Results


Jamil and Siri: ISIS conflict forces two lives to intersect — and both are saved

FOX News

Soon after Siri and Jamil arrived in Mosul, an ISIS guard threatened to kill Jamil if Siri refused to have sex with him. The rapist, called "The Tunisian," told Siri her situation would improve if she became a Muslim and married him. At the same time, Jamil was the key to Siri's survival. When sitting with Siri and his birth mother, Jamil now always sits closer to Siri, observed Kizilhan observed.


This saves many lives

FOX News

Electronic blind-spot monitoring and lane-keeping systems do help to prevent crashes, according to new studies from the Insurance Institute for Highway Safety. A second institute study of blind-spot detection systems -- usually warning lights in side mirrors -- found the systems lower the rate of all lane-change crashes by 14 percent and the rate of such crashes with injuries by 23 percent. A separate study by the insurance industry-funded institute and the Massachusetts Institute of Technology's AgeLab found that drivers using automated systems that scan for parking spots and then park the car spend a lot more time looking at dashboard displays than at the parking spot, the road in front or the road behind. Automakers, taking note of the problem, appear to be switching to systems that vibrate the steering wheel or driver's seat, Cicchino said.


Michigan gov: 'Strong possibility' Foxconn opens facility - Foxconn incentives package to cost Wisconsin $50M in lost tax revenue

FOX News

The Taiwanese electronics manufacturer recently announced plans to build a massive $10 billion plant in Wisconsin. In a phone interview from Shanghai, where he was concluding a nine-day trade trip in China, Snyder told the Associated Press Monday night there is a "strong possibility" for Foxconn to still locate in the state after the company in recent weeks picked neighboring Wisconsin for a $10 billion display panel plant with 3,000 employees that could grow to 13,000. They discussed the autonomous vehicle industry and advanced manufacturing, Snyder said. But we're going to continue to present them good opportunities of what we can do in Michigan."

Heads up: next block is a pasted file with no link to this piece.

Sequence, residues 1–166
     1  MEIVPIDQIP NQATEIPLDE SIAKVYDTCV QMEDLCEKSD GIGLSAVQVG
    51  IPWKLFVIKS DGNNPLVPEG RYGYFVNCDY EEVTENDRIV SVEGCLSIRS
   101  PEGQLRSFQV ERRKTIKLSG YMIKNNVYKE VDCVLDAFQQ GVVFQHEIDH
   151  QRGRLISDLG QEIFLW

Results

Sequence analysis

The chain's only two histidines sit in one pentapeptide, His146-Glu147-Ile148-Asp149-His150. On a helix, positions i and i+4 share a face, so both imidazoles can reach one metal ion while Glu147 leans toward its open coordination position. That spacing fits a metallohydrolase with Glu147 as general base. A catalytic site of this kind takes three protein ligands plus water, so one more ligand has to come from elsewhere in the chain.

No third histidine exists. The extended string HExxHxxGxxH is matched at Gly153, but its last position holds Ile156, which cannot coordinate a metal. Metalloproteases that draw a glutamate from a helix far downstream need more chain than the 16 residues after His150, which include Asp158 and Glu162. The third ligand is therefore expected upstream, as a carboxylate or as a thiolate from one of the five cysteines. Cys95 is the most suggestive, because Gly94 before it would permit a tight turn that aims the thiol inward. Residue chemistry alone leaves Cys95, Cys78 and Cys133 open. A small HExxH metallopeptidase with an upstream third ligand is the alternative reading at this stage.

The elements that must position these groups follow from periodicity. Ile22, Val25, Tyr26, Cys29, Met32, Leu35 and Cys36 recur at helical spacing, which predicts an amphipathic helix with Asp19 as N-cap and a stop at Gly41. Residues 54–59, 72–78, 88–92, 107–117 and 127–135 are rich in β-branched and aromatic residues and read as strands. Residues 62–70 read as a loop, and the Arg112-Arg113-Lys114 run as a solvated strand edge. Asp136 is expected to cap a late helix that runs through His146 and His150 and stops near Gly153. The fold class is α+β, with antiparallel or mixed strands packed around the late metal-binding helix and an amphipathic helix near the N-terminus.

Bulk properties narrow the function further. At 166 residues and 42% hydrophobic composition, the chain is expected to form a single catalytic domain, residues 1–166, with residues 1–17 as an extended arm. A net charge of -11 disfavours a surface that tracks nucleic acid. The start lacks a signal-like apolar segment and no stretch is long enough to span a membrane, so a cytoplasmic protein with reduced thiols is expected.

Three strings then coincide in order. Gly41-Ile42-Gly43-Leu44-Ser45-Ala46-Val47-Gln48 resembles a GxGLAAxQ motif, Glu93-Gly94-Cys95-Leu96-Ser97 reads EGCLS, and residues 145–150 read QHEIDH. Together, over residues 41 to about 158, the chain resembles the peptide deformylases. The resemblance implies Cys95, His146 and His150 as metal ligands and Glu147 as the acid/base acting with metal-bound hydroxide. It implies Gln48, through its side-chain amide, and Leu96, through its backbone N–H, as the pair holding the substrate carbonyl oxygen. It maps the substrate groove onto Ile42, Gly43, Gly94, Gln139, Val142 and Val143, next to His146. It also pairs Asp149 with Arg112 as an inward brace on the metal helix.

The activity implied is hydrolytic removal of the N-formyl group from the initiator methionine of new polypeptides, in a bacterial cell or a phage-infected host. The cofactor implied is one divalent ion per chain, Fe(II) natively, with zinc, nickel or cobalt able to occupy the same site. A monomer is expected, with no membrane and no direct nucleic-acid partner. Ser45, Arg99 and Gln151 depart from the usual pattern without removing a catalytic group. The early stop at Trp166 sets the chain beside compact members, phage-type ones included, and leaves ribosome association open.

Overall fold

Trump intervenes to let Afghan teens attend robot competition in US

FOX News

U.S. officials have reportedly decided to allow a group of Afghan girls, who has previously been denied entry, into the U.S. to attend a robot competition. Following the change, the State Department said it worked with the Department of Homeland Security to remedy the situation. "The State Department worked incredibly well with the Department of Homeland Security to ensure that this case was reviewed and handled appropriately," Dina Powell, White House deputy national security adviser for strategy, said in a statement, according to Politico. I look forward to welcoming this brilliant team of Afghan girls, and their competitors, to Washington DC next week!


New tech predicts when you DIE

FOX News

Thats because scientists from the University of Adelaide in Australia have used deep learning technology to analyze the computerized tomography (CT) scans of patient organs, in what could one day serve as an early warning system to catch heart disease, cancer, and other diseases early so that intervention can take place. The AI analyzes CT scans to make its decisions. For one thing, the AIs 70-percent predictive accuracy when looking at scans is in line with the manual predictions made by experts. We used a very small cohort of 48 patients in this study to show that our approach can work, but in general deep learning works better if you can give it much more data.